Series: The Baskerville Affair #1
Published by Del Ray on September 24, 2012
Genres: Fantasy, Steampunk
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Evelina Cooper, the niece of the great Sherlock Holmes, is poised to enjoy her first Season in London’s high society. But there’s a murderer to deal with—not to mention missing automatons, a sorcerer, and a talking mouse.
In a Victorian era ruled by a council of ruthless steam barons, mechanical power is the real monarch, and sorcery the demon enemy of the empire. Nevertheless, the most coveted weapon is magic that can run machines—something Evelina has secretly mastered. But rather than making her fortune, her special talents could mean death or an eternity as a guest of Her Majesty’s secret laboratories. What’s a polite young lady to do but mind her manners and pray she’s never found out?
But then there’s that murder. As Sherlock’s niece, Evelina should be able to find the answers, but she has a lot to learn. And the first decision she has to make is whether to trust the handsome, clever rake who makes her breath come faster, or the dashing trick rider who would dare anything for her if she would only just ask.
I really enjoyed reading A Study in Silks, and I adored the clever blend of steampunk with magic. So often when the mash-up is tried it doesn’t mix seamlessly, but in this case it did. Evelina, as you will quickly learn when you start reading the novel, grew up in the circus and was taught how to make use of magic. However, magic is frowned upon, so when she left behind the circus to slip into high society, she hid that side of herself. Instead, she begins to tinker with clockwork and small mechanical toys. These mechanical toys play a surprisingly large role in the novel, of course, as they are mixed with Evelina’s magic in order to create something new.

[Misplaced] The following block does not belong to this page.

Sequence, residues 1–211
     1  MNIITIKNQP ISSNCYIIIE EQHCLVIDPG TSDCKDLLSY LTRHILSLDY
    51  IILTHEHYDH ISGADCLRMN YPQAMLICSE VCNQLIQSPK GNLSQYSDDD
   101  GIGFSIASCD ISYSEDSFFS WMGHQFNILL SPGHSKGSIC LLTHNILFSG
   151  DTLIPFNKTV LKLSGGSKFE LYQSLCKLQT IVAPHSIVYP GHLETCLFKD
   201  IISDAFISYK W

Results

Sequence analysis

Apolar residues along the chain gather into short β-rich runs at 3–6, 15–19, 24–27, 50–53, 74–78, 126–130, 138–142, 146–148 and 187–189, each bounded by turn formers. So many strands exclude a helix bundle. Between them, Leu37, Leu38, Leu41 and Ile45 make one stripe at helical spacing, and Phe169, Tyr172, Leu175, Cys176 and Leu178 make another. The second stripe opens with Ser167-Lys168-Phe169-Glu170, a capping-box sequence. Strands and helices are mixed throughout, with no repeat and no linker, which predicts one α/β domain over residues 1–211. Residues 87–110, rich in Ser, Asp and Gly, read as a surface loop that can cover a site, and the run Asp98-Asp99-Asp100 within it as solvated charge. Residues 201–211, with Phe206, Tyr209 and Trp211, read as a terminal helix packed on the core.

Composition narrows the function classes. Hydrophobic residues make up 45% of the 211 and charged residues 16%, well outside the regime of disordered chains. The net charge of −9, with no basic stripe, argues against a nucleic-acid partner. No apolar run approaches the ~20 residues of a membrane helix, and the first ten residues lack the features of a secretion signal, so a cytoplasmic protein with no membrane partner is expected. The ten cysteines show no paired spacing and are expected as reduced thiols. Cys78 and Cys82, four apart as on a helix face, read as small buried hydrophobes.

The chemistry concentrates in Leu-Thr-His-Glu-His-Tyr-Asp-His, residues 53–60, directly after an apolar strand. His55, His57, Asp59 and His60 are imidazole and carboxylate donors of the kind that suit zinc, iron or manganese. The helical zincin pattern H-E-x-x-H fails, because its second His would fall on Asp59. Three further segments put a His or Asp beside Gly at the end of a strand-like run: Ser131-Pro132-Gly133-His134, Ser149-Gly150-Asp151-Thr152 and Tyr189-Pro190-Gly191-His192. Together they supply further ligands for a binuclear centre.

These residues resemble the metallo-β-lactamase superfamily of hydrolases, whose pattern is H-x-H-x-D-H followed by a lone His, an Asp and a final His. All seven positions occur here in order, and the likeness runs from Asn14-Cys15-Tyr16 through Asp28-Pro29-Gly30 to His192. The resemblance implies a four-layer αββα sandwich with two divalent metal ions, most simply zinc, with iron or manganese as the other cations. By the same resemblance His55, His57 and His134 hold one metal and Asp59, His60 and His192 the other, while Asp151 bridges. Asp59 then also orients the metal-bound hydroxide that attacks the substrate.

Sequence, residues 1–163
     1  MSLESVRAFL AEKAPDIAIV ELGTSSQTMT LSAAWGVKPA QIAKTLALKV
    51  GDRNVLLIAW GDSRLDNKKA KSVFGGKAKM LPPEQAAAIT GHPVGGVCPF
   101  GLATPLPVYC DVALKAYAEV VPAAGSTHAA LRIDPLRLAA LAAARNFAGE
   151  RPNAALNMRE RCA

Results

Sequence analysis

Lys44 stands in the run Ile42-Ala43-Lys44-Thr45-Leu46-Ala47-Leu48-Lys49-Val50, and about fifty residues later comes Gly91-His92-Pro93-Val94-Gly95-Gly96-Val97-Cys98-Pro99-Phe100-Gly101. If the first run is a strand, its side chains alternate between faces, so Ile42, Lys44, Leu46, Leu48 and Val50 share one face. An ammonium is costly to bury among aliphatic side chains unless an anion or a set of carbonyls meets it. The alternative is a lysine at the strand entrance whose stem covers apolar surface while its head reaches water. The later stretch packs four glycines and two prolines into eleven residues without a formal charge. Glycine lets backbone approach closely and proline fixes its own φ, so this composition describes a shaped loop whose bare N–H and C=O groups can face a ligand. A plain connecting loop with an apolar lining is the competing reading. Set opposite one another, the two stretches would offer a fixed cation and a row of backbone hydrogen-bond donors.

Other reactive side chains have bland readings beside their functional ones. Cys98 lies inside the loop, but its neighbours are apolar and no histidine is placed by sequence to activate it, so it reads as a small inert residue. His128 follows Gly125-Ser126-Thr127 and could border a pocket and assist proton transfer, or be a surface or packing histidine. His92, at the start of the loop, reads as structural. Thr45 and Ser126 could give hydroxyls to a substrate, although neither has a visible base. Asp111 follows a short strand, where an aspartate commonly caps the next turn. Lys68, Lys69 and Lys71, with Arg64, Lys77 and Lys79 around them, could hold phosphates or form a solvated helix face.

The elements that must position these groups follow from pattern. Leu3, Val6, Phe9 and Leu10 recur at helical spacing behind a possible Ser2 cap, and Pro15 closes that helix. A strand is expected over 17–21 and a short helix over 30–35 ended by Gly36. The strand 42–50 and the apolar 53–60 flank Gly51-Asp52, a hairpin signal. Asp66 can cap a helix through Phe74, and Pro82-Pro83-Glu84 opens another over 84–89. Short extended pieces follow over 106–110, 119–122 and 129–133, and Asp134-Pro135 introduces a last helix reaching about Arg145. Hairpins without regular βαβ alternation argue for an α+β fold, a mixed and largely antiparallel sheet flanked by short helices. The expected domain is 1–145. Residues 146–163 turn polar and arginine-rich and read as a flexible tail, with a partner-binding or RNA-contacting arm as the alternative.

Now, what I wasn’t too fond of is how everyone was hyper-aware. Whenever someone entered a new place everything was catalogued. It seems like Emma Jane Holloway used this as a device in order to describe the surroundings, unfortunately it didn’t work that well in my eyes. To me, this hyper-awareness is more of a Sherlock Holmes thing. It’s why he’s such a successful detective, after all. He is so aware and observant. I could understand (and truly enjoy!) Evelina being the same, but when every character is doing this it became too much.
For those looking for Evelina to be the one solving the mystery, you may have to hope for that in the next novel. While Evelina brings together some of the clues, it is Sherlock who puts it all together in order to solve the mystery. I hope that in the next novel it is Evelina who solves the case, as she is the character I am most interested in right now.
Evelina is torn between two men, Nick and Tobias, one was her childhood sweetheart while the other is the brother of her dearest friend. The love triangle could have been overdone, but it wasn’t. Evelina and Nick both know that they can never truly be together, and Tobias is only just starting to explore his very real feelings for Evelina. By the end of the novel it still isn’t clear who Evelina will end up with in the end, but we still have at least one more book in the series, so there is time for the relationships to develop some more.
The secondary characters were also fascinating, and they felt fleshed out, instead of being simple cardboard cutouts, which is always refreshing to read. I love reading about people, after all, and this was a fantastic example of how to include secondary characters well. A Study in Silks gets off to a slower start, and it felt almost plodding in places, but it picked up steam as it went and then it was full speed ahead into a glorious conclusion that made for a fantastic novel.